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Ex-cyclone Esther bringing heavy rains to the north and could loop towards the middle of Australia, says BOM

By Carmen Brown and Matt Brann, Thursday February 27, 2020 - 10:33 EDT
ABC image
Ex-tropical cyclone Esther heading west towards severe tropical cyclone Ferdinand. - ABC

Ex-tropical cyclone Esther is tracking an unpredictable path across northern Australia and could loop towards central Australia next week, with the Bureau of Meteorology describing it as "a remarkable system".



Esther began its life on the Queensland side of the Gulf of Carpentaria, between Borroloola and Mornington Island as a category 1 cyclone before downgrading to a tropical low near Robinson River.

Bureau of Meteorology duty forecaster Angeline Prasad said the low was now expected to move into Western Australia's Kimberley region on Thursday morning.



"It is still possible for the system to become a cyclone off the WA coast in the Indian Ocean, but it may end up remaining a deep tropical low moving across the Kimberley and then curve back towards Giles and Yulara [west of Alice Springs] next week," she told ABC Rural on Wednesday.

"By the middle of next week we may see increasing rainfall, initially it will be over the western border and Tanami district."

While earlier forecasts suggested the low could re-develop into a severe category 3 or 4 cyclone off northern WA, that is now unlikely.

However, Ms Prasad said the system was quite unpredictable.

"What is interesting is this system is maintaining its structure as it moves west across the base of the Top End, which normally doesn't happen," she said.

"Most cyclones, especially weak cyclones, get destroyed by friction as soon as they move over land, so within 24 hours there's not much left.

"Esther has done something very remarkable, it's maintaining its structure.



"The reason it may quickly develop into a tropical cyclone again is because it's maintaining its structure as it moves across land so we cannot yet rule out that possibility."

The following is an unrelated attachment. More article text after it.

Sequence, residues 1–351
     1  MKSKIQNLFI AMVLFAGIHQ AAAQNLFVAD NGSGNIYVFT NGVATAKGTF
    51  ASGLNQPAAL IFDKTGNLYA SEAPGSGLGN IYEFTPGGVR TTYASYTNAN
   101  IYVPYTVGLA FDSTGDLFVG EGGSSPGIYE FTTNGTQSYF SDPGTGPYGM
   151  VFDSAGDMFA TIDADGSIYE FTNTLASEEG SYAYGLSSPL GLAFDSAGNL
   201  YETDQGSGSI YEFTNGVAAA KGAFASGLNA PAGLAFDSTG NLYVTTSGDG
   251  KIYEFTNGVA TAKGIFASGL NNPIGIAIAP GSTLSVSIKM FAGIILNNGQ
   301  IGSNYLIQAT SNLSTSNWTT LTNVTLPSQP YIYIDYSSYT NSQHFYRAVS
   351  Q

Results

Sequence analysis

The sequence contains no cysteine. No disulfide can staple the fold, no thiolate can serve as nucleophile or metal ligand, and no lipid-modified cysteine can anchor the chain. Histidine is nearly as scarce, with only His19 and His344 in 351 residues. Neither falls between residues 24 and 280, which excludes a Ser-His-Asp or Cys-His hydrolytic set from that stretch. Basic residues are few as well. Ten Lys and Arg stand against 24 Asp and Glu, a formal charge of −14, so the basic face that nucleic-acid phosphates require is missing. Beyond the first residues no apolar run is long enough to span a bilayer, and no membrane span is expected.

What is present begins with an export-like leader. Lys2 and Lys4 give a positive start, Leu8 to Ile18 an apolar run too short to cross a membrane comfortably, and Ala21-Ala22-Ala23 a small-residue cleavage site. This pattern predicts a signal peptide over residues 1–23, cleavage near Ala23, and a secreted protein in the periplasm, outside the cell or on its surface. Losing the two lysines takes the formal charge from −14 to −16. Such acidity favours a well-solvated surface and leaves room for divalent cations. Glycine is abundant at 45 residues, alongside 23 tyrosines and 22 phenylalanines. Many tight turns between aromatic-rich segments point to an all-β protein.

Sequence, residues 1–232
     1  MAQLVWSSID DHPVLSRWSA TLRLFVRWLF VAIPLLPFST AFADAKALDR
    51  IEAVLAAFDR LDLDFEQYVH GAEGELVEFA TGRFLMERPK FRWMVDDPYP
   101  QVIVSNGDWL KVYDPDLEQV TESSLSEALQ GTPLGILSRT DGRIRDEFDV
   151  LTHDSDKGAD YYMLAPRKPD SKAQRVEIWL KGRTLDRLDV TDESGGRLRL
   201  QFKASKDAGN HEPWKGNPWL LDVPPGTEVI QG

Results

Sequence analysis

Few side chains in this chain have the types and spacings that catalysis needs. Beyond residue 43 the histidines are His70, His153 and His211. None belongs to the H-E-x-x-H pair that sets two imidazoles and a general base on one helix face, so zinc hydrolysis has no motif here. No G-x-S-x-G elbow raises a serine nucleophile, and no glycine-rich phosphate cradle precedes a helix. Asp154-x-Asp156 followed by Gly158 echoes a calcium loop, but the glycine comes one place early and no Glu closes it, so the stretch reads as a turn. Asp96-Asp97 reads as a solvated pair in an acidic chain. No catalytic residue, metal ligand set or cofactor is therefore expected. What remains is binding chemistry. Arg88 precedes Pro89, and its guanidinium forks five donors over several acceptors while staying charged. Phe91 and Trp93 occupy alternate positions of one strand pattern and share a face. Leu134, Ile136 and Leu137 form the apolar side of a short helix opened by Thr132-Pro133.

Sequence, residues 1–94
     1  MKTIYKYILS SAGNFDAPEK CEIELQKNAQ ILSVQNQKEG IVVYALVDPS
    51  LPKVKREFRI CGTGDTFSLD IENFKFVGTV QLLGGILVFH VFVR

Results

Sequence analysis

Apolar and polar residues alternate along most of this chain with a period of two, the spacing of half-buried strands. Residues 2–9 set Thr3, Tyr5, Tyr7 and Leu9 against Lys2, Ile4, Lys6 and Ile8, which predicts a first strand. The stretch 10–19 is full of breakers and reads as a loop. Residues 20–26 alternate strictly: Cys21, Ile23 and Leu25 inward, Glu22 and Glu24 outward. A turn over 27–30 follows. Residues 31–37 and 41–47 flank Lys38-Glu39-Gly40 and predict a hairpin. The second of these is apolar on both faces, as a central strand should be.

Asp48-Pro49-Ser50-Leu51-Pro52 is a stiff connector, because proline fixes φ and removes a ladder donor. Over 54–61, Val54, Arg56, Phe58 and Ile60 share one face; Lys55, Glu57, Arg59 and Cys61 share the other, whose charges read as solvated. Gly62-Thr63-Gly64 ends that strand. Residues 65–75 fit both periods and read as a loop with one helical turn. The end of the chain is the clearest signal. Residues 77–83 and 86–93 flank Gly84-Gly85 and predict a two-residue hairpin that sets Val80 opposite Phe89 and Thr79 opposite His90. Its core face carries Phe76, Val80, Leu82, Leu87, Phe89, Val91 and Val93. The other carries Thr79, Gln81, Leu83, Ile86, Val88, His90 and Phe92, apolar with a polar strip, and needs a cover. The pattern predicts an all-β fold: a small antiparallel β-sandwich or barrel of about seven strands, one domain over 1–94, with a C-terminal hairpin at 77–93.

Gulf cattle stations drenched

The system has already delivered much-needed rain to Northern Territory pastoralists this week, across the southern Gulf, northern Barkly, and Gregory regions.



Widespread falls between 150 and 250 millimetres have been recorded in many areas over the past 48 hours.

Jan Darcy from Mallapunyah Station, near Cape Crawford, said it was an ideal scenario of heavy rain with little damage.

"There's been a gusty wind, but nothing fierce, just lovely weather really," she said.

"We were waiting for this big one at the end of the season and this may not be the end of it either, there could be more.

"All our dams were pretty low so this would fill them up, and that's a big plus."

On nearby Kiana Station, Amanda Murphy has also been rejoicing after tipping more than 185 millimetres out of her rain gauge this week.

Mrs Murphy said it was a relief to finally see some decent rain.

"There's water everywhere and it's just beautiful," she said.

"We have a little creek next to our house, it's running, and the kids have been in it all day. So we're just loving it.

"I'm so excited at the thought of having a great wet season. The cows are going to be fat, things are looking good."


- ABC

© ABC 2020

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